The mayor has agreed to pay the $1,000 fine. The commission will vote on whether to approve the fine at a later date.
Johnson’s solicitation of donations from Wal-Mart and the Walton Family Foundation – which has no direct link with the superstore chain – came to light last summer when The Sacramento Bee reported the company and the charitable foundation made nearly $800,000 in behests to groups associated with the mayor and members of the City Council since 2005.
The City Council voted last year to ease restrictions on new big box superstores in the city, a change that could benefit Wal-Mart. Despite the change, the company has said it has no immediate plans to build a new store in the city.
Daphne Moore, a Walton Family Foundation spokeswoman, said “foundation staff is not involved in Wal-Mart business decisions” and that the organization is separate from the Wal-Mart chain.
The foundation’s largest financial investment is in education, and “Mayor Johnson is engaged in national work related to that area and that’s why the foundation has supported these causes,” Moore said.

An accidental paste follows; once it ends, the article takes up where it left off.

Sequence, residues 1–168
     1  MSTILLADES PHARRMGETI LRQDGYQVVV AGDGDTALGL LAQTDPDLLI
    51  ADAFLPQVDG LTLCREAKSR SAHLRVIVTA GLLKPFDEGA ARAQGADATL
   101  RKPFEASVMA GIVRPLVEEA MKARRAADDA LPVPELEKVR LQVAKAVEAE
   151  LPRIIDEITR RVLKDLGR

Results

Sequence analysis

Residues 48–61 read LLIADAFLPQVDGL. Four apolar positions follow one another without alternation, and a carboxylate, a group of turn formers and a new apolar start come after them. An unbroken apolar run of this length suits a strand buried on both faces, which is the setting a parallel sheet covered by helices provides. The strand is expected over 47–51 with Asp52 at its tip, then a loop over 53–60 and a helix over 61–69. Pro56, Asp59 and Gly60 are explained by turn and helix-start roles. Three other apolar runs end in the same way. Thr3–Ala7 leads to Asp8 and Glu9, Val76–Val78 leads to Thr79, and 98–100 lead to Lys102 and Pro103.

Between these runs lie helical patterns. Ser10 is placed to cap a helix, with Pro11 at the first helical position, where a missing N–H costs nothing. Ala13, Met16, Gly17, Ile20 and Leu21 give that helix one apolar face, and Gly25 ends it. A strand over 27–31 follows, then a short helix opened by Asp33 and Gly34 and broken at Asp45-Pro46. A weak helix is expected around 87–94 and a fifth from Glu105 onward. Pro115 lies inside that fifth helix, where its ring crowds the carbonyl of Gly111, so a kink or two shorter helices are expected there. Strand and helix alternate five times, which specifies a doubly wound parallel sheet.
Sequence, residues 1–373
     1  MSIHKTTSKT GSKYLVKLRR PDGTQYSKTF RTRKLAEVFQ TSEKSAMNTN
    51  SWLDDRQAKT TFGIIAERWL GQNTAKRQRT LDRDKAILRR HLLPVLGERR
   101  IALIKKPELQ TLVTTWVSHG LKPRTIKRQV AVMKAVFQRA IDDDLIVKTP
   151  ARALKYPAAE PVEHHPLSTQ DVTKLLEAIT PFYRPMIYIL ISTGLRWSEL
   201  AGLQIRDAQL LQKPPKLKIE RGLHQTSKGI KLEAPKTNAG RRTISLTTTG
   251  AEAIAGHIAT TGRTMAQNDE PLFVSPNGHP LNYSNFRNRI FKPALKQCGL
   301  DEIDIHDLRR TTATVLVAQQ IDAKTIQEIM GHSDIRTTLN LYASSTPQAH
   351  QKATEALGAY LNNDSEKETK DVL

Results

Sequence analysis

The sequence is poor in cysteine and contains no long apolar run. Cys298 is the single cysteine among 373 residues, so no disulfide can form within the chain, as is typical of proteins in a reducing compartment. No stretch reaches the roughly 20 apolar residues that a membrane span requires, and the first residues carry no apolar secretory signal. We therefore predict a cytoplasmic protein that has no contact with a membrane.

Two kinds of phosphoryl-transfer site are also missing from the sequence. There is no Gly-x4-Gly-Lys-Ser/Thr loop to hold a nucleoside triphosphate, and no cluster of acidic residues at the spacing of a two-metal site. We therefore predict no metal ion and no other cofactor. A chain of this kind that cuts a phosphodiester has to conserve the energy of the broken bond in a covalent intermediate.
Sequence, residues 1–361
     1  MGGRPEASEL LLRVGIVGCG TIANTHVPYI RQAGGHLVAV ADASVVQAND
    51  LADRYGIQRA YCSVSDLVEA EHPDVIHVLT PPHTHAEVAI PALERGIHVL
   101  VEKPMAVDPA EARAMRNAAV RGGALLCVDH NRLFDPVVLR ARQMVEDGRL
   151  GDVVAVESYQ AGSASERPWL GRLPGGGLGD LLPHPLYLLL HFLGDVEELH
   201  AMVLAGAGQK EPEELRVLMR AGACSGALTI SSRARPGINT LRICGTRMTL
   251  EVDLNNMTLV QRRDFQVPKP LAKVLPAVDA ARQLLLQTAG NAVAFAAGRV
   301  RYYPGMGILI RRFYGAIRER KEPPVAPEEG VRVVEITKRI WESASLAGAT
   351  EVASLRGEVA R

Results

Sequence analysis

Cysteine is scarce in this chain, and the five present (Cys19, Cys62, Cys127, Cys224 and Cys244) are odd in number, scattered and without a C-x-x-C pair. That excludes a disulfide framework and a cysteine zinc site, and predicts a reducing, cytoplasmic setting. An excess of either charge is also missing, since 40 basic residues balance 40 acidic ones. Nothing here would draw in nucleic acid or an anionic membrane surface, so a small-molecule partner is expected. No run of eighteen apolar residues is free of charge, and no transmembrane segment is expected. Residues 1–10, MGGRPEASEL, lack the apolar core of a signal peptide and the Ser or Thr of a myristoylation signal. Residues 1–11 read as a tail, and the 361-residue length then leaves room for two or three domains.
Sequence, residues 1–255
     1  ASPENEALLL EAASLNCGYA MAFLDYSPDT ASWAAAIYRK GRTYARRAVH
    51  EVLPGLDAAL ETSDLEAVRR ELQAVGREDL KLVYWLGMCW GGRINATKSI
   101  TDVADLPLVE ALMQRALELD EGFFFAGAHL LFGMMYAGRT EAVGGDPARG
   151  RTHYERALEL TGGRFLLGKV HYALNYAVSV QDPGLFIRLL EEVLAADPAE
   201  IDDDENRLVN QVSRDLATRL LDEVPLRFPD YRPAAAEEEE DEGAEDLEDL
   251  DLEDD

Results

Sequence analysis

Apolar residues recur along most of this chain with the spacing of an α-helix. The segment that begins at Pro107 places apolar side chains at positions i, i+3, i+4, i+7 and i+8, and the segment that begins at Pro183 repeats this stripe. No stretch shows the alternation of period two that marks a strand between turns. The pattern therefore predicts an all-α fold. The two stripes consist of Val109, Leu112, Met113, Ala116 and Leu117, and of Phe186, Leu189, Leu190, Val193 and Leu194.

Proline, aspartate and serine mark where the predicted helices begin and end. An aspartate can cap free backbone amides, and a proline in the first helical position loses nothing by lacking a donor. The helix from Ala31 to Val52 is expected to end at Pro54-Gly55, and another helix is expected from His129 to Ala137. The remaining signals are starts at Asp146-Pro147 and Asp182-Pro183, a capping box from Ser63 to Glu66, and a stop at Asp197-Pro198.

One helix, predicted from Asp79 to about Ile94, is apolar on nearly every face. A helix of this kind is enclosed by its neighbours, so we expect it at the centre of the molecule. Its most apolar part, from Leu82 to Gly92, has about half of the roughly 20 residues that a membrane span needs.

The complaint against the mayor was filed by Eric Sunderland, a former city school board candidate.
The FPPC declined to levy fines against the mayor for two of Sunderland’s three complaints. Sunderland had also alleged that the mayor had a conflict of interest when he voted to approve the changes to the big box ordinance and that the mayor had a financial stake in the vote after the Walton Family Foundation gave $8 million to StudentsFirst, the education organization started by Johnson’s wife, Michelle Rhee.
“The Mayor is pleased the FPPC dismissed two of the three allegations contained in the complaint,” Johnson’s spokesman, Ben Sosenko, said in a text message. “The only substantiated allegation boiled down to an issue of paperwork, with the FPPC noting that while he timely reported all travel reimbursements, another nonprofit source of those reimbursements should have been identified in the filed forms. Those forms have since been amended.”
The fine against Yee – who ran unsuccessfully in 2012 for the City Council seat representing Land Park, the central city and part of South Natomas – stemmed from his rental of an office adjacent to the Safeway supermarket on 19th Street in midtown. The office is owned and controlled by developer Paul Petrovich.